Picture the scene. You’re on a train when the following message comes over the tannoy:
‘Good afternoon, ladies and gentlemen, boys and girls.’
Are you offended? One passenger travelling on a London North Eastern Railway (LNER) train was.
‘So as a non-binary person this announcement doesn’t actually apply to me so I won’t listen,’ the commuter wrote. Remarkably, LNER didn’t simply ignore or dismiss this complaint. It apologised:
‘I’m really sorry to see this, Laurence, our Train Managers should not be using language like this, and I thank you for bringing it to my attention. Please could you let me know which service you are on and I will ensure they remain as inclusive as we strive to be at LNER.’
But is rebuking one of its employees for wishing passengers a ‘good afternoon’ really a sign of inclusivity?
As a young feminist, quite purist and strict, I would often tell men off for calling me a ‘lady’. I would also get cross at the title ‘miss’. But I can’t imagine complaining to a train company or any other public body about it would have got me far. Women have objected to sexist and excluding language for decades, and guess what? We are ignored.
So how scared of the trans mob must LNER be to act so swiftly? Would the company respond so quickly following complaints about serious issues, as opposed to frivolous, self-indulgent nonsense?
A couple of years ago, when trying to organise travel for my disabled, wheelchair-using father to visit London, I made numerous attempts to contact LNER to enquire about their wheelchair accessibility. The social media team told me it did not have that information. Interestingly, the same team is able to proclaim that ‘ladies and gentlemen’ is inappropriate, and also has the power to publicly take action.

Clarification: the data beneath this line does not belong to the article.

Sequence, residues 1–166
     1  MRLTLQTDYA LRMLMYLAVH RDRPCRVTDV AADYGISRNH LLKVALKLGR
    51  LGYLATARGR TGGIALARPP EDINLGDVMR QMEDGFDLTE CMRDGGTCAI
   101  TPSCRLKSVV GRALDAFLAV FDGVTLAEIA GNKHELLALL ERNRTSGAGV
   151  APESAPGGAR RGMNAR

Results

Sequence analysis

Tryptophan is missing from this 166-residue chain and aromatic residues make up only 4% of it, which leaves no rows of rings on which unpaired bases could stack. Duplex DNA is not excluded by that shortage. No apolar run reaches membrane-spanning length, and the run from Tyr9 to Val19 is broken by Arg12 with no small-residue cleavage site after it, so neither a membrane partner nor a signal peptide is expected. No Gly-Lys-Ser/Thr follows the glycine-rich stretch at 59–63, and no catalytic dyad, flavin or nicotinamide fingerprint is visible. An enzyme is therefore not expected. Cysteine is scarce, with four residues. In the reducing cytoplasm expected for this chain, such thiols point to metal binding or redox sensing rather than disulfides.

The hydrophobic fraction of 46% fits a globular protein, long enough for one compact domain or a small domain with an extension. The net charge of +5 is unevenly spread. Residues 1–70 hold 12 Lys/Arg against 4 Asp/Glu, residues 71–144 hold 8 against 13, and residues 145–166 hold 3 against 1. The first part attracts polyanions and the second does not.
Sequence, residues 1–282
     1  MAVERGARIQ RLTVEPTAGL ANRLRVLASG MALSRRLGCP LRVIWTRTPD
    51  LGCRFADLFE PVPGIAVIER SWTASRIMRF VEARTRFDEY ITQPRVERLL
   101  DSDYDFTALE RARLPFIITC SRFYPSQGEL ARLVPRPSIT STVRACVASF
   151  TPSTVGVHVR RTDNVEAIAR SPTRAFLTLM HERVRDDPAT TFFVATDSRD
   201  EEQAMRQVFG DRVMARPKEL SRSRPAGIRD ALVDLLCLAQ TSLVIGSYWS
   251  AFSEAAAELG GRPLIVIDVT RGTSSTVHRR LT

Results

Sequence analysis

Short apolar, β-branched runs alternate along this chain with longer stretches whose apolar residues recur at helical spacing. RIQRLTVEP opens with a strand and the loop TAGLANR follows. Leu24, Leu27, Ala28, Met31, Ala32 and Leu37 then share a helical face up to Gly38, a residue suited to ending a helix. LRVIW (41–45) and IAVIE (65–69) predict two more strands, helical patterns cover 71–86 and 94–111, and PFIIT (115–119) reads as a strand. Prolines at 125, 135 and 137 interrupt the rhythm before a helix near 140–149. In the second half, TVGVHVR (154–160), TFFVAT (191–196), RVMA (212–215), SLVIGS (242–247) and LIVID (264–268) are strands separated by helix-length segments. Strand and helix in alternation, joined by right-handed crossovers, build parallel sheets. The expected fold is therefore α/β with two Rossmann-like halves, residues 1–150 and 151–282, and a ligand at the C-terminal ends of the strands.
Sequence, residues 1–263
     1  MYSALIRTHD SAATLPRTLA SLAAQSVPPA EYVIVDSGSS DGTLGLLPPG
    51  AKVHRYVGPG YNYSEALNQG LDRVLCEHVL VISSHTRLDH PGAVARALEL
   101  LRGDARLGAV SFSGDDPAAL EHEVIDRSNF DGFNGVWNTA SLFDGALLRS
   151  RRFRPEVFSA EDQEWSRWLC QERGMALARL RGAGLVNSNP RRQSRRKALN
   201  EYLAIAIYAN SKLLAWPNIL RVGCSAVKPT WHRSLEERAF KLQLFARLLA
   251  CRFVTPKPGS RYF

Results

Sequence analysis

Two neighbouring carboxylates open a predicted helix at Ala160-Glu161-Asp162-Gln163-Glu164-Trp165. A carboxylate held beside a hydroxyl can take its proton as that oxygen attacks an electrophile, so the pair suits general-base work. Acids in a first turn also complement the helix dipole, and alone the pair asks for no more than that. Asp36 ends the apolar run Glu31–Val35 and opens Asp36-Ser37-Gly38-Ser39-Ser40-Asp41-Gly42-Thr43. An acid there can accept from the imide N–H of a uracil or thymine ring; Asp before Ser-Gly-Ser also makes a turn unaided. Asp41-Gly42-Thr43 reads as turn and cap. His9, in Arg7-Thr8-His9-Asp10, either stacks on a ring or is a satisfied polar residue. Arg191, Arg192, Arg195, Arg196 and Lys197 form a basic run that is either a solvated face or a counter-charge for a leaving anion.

Next time I am on a train, I am thinking of insisting the manager specifically greets lesbians as opposed to questioning my very right to exist. After all, we don’t want anyone feeling left out.
So let’s not leave it at ‘greetings, non-binary people’, because we would be excluding those who identify as agender, bigender, cisgender, genderfluid, gender-queer or gender-variant. An entire journey from London to Inverness could have been completed before the full list of identities has been announced.
It seems, though, that LNER is determined not to see sense. In a statement, the company stood by its initial response:
‘We are committed to diversity and inclusion in all that we do for our customers, colleagues and communities, and encourage our onboard teams to welcome all customers onboard.’
So it looks like it’s ‘goodbye ladies and gents’, for those travelling on an LNER train. And goodbye common sense. ‘LNER sits within the bottom 10 commuter train companies,’ according to Which?.
Isn’t it time for LNER to focus on ensuring their trains run on time, rather than placating passengers determined to find offence in everyday expressions?
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